Trafficking in human beings in the EU
Although the EU and Member States have adopted new measures to combat human trafficking, better implementation and coordination are the key to success.
It is estimated that 880,000 human beings are victims of trafficking in the EU every year (out of 20.9 million in the world, according to ILO). The phenomenon is quite diverse in its nature: ranging from “domestic slavery” such as servitude, fake au pairs and the so called “mail-order brides”, to sex trafficking, organ trafficking, bonded labour and child soldiering. Moreover, the victims come from a variety of countries of origin both in the EU (particularly Romania, Bulgaria, Poland and Hungary), and outside the EU (Nigeria, China, Vietnam, Ukraine, and Russia); and in travelling routes and the recruitment instruments used by mafias (with an increasing use of the Internet for their criminal purposes). In this criminal business, with profits around 25 billion Euros worldwide, the victims are mainly women and children - sexual exploitation being the most common form of trafficking - although men are now equally exploited in the area of labour exploitation.
Since the 90s, the EU has adopted certain decisions to fight against trafficking in human beings; but through the 2000s the outcomes in the fight against these criminal activities were weak and disappointing. Directive 2004/81/EC on residence permits for victims of trafficking in human beings and other related Directives (e.g., Directive 2004/80/EC on compensation for crime victims; and Directive 2009/52/EC on sanctions against employers of illegally staying third country nationals) were initially expected to have better results in the battle against this modern form of slavery. But the complexity of the phenomenon and the ease of change in the criminals’ patterns of behaviour and organization make it more difficult to legislate and combat the new realities.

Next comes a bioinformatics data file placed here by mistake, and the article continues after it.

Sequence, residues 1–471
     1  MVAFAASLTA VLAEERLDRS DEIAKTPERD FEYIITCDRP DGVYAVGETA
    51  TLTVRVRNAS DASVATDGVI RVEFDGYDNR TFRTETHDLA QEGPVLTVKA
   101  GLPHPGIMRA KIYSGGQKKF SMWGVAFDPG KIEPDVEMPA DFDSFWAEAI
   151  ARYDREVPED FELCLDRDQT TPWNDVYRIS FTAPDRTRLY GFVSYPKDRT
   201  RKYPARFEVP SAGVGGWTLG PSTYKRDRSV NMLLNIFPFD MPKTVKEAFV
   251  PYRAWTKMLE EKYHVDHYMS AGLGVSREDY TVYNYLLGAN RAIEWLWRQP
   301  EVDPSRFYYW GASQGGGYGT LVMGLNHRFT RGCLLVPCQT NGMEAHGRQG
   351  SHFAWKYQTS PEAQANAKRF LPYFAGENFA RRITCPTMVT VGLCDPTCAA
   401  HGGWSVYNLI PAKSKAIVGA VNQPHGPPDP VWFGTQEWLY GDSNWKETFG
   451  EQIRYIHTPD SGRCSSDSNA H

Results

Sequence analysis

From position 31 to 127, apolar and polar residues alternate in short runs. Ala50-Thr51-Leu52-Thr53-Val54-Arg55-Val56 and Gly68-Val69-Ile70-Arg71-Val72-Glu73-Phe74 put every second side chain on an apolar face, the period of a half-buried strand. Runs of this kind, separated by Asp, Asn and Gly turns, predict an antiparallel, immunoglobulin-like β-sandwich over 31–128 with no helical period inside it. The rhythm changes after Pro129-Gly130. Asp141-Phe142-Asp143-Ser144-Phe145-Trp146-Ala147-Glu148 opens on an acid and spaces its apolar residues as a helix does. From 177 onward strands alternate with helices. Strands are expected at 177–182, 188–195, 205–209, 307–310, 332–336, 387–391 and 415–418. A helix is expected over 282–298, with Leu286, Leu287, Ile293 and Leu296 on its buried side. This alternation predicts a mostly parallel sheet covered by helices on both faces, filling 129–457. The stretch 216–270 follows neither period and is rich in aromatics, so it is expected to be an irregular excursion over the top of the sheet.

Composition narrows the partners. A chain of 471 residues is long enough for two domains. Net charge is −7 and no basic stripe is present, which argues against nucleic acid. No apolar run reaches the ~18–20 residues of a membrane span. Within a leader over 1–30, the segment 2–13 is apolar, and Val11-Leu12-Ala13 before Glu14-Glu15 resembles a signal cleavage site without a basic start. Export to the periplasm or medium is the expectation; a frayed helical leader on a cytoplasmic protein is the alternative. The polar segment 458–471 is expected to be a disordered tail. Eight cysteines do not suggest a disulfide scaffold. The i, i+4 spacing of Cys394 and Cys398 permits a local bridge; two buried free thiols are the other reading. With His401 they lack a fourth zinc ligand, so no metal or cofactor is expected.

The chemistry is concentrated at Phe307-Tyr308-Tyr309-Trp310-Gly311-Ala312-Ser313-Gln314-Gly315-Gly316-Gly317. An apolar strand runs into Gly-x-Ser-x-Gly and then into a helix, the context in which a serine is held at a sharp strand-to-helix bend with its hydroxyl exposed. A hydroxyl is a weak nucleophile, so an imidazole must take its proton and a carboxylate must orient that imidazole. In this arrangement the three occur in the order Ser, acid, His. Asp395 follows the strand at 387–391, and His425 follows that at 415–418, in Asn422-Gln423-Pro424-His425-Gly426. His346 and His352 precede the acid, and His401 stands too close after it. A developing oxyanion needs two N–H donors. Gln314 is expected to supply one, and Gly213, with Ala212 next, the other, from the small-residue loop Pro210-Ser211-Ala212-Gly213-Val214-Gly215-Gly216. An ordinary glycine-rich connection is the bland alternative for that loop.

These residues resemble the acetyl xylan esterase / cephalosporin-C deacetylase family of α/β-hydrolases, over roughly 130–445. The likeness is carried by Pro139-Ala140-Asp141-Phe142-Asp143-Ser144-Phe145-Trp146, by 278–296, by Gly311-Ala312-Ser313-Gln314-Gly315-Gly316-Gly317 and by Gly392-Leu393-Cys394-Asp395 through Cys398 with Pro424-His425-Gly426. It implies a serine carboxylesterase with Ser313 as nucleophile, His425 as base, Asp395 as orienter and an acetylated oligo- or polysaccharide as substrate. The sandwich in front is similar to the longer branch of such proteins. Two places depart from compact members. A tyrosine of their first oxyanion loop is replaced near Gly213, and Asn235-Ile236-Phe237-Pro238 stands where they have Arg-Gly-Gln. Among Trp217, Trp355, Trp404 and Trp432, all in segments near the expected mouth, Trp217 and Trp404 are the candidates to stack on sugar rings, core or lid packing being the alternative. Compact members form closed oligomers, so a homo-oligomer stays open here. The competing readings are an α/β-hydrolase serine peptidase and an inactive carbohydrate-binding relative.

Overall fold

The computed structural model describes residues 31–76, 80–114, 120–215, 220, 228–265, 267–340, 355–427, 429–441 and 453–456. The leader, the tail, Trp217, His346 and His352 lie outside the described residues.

The EU approved in 2011 three important Directives which could have a positive impact in the fight against trafficking in human beings: Directive 2011/92/EU on sexual abuse, sexual exploitation of children and child pornography; Directive 2011/99/EU on the European Protection Order in criminal matters; and, above all, Directive 2011/36/EC which adopts an integrated, holistic and human rights approach to the fight against trafficking in human beings. Furthermore, the appointment of an EU Anti-Trafficking Coordinator and the launching in June 2012 of the Strategy on combating trafficking in human beings will improve the framework for combating these criminal activities. This Strategy recognizes that “there is a risk of overlapping and duplication of initiatives”, and aims to “ provide a coherent framework for existing and planned initiatives, to set priorities, to fill gaps and therefore complement the recently adopted Directive.”
The main responsibility for addressing trafficking in human beings lies with the Member States: with their obligations to transpose and implement Directive 2011/36/EU and to ratify International instruments. New measures should be taken (for example, the adoption of the proposed Directive on freezing and confiscation of proceeds of crime in the EU) in order to reduce the profits of the criminals engaged in these activities. We also need States to demonstrate a determination to persecute and sanction trafficking criminals (see, for example, the recent judgment C.N. v UK by the European Court of Human Rights, published on 13 November 2012, condemning the United Kingdom for an ineffective investigation in a domestic servitude case).
One of the key issues in the fight against trafficking in human beings is the early identification of, assistance to, and support for victims. Training of law enforcement officials and prosecutors, health personnel, and all those who might possibly come into contact with victims is essential for success. But so also is the creation of special investigation units and a better cooperation between different stakeholders, including civil society and Churches.
The most important thing however is prevention, through an understanding of the root causes of trafficking - in both the demand and supply sides- which are not only social, economic and cultural but also of a moral nature. The perception that the human body is a commodity that can be freely disposed of and the unrestricted and excessive desire for profits are also ethical issues that are at the core of this problem. The moral dimension of the issue must not be lost in an integrated approach if we want to win the fight against trafficking in human beings.
José Luis Bazán